Iowa expects slow pheasant opener
IOWA DEPARTMENT OF NATURAL RESOURCES
Iowa pheasant facts
Season: Oct. 31 – Jan. 10, 2010
Shooting hours: 8 a.m. – 4:30 p.m.
Daily Bag Limit: 3 rooster pheasants
Possession Limit: 12 rooster pheasants
The forecast is pretty well known. This weekend across Iowa, we find out where the pheasants are…or aren’t.
Iowa’s premier game bird still draws a crowd. Even last year, with preseason counts at near record lows, 86,000 hunters were in the field. They took an estimated 383,000 ringneck pheasants. Pre-season counts were basically about the same this summer; down in the northern third of Iowa and up a bit in the lower two-thirds.
“When all is said and done this season, we should harvest about 300,000-350,000 birds,” estimates Todd Bogenschutz, upland wildlife research biologist for the Department of Natural Resources.
On opening weekend, of course, standing crops play into the plans, too. That was obvious in last weekend’s Youth Season…when steady, soaking rains kept combines out of the field for much of the week. By early this week, the corn and soybean harvests were three weeks behind schedule.
With all the standing crops in the field, hunters should wear more than the minimum amount of blaze orange. The law requires at least one visible external piece of apparel with at least 50 percent solid blaze orange in color: hat, cap, vest, coat jacket, sweatshirt, shirt or coveralls.
“The goal is to be seen,” said Megan Wisecup, recreation safety program supervisor for the DNR. “Wear as much blaze orange as possible. Visibility of hunting party members is critical for hunter safety, especially while in dense vegetation.”
Hunters staying within their proper zone of fire is also a major safety issue while pheasant hunting. “Swinging on game is one of the main causes of pheasant hunting incidents in Iowa,” Wisecup said. “It is important to know where everyone is during the hunt. At the end of the day, we all want a safe, successful hunt.”
Still, when hunters can set foot into their favorite grassy field, creek bed or corn stubble, it’s to enjoy the day; work their dogs and spend time with friends and family outdoors.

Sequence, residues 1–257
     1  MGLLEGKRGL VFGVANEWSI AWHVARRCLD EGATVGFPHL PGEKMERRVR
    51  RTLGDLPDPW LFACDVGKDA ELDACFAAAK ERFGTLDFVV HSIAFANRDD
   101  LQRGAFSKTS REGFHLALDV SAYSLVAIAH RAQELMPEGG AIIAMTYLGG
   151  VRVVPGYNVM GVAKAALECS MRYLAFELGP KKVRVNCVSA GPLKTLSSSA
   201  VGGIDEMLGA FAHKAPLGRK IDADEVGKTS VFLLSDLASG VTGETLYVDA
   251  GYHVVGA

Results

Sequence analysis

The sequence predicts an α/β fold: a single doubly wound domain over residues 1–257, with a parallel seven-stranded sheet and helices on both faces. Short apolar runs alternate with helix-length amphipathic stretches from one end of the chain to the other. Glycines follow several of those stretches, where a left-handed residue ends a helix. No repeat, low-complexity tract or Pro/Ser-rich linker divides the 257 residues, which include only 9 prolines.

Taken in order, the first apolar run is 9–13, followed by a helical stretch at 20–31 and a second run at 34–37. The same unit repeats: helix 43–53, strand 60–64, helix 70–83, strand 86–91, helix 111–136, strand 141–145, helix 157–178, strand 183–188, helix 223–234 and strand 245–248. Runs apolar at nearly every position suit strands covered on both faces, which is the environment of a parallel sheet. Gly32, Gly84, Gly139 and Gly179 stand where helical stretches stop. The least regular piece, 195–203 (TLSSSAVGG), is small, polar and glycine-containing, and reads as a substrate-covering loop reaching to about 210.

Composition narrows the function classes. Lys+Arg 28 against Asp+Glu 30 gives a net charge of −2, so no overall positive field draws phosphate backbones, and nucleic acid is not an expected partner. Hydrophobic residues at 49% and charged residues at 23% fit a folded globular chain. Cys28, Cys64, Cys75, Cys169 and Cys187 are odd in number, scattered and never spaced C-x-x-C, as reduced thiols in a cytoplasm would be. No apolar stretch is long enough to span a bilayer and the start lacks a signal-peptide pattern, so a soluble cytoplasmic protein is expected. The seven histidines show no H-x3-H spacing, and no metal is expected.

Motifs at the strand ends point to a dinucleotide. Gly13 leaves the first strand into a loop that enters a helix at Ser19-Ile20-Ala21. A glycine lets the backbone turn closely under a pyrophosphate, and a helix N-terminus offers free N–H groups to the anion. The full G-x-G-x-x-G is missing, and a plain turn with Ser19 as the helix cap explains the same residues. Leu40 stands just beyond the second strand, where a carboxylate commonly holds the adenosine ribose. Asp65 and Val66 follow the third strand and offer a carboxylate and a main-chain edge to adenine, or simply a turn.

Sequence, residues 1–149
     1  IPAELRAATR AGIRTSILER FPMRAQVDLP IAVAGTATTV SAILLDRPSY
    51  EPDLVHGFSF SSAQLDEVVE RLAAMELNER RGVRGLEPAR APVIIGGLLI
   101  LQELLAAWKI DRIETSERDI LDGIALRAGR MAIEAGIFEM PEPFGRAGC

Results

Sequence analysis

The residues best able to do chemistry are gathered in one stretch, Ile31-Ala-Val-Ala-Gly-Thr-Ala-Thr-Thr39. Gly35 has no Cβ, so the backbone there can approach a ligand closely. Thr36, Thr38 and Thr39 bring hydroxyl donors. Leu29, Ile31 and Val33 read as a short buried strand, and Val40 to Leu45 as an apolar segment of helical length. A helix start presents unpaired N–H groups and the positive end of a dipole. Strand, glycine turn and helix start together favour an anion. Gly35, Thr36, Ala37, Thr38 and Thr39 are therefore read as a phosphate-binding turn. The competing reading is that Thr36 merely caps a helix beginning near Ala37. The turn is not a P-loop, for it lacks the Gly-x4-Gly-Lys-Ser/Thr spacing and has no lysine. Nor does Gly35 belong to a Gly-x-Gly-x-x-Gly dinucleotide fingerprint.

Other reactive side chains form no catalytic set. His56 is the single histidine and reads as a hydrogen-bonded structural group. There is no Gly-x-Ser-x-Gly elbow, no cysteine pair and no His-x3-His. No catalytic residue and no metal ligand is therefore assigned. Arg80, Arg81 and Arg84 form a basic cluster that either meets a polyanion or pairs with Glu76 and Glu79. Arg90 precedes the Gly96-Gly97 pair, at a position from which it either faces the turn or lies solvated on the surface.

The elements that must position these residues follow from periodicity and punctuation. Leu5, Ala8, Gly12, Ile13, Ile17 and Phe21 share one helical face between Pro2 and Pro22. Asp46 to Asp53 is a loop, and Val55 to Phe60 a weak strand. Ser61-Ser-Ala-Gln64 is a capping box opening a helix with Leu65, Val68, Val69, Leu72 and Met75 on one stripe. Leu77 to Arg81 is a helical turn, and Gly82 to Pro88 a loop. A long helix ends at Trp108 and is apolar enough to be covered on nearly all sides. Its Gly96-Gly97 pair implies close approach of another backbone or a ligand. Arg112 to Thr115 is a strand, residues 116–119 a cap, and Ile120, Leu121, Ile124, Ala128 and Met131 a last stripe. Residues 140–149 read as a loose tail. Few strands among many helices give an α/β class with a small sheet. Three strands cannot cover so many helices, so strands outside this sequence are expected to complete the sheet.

They also spend money while they’re at it. Figures from the latest U.S. Fish & Wildlife Service outdoor recreation survey support that. “Pheasant hunting, quail hunting, have always been a big part of the state’s history…and economy,” assesses Bogenschutz. “(In a year) the economic impact in Iowa was over $220 million. And that generated about $9 million more in state and local taxes.”
While just getting out is Priority One for most hunters, it helps to see pheasants within shooting range. Weather—ranging from snow and ice to summer floods—has been the short term villain behind our lower bird counts. Over the long term, though, shrinking habitat rates as the top concern. In 1990, Iowa had 8,500 square miles of suitable pheasant habitat. In just 15 years, that had shrunk to 5,800 square miles. Just this October 1, another 130,000 acres came out of the Conservation Reserve Program.
That’s why the outlook for pheasants and quail is shifting from field edges to Capitol hearing rooms. A special task force is tackling various strategies to improve upland game numbers. Their recommendations are due on lawmakers’ desks in January 10.
“A couple things the committee has discussed include a statewide CREP (conservation reserve enhancement program),” relays Bogenschutz. “That might allow the state to put in some money…the USDA to add some and let the state focus on a special concern… pheasant and quail habitat in this instance.” That could allow special incentives for landowners to either improve year-round habitat or hunting on their land.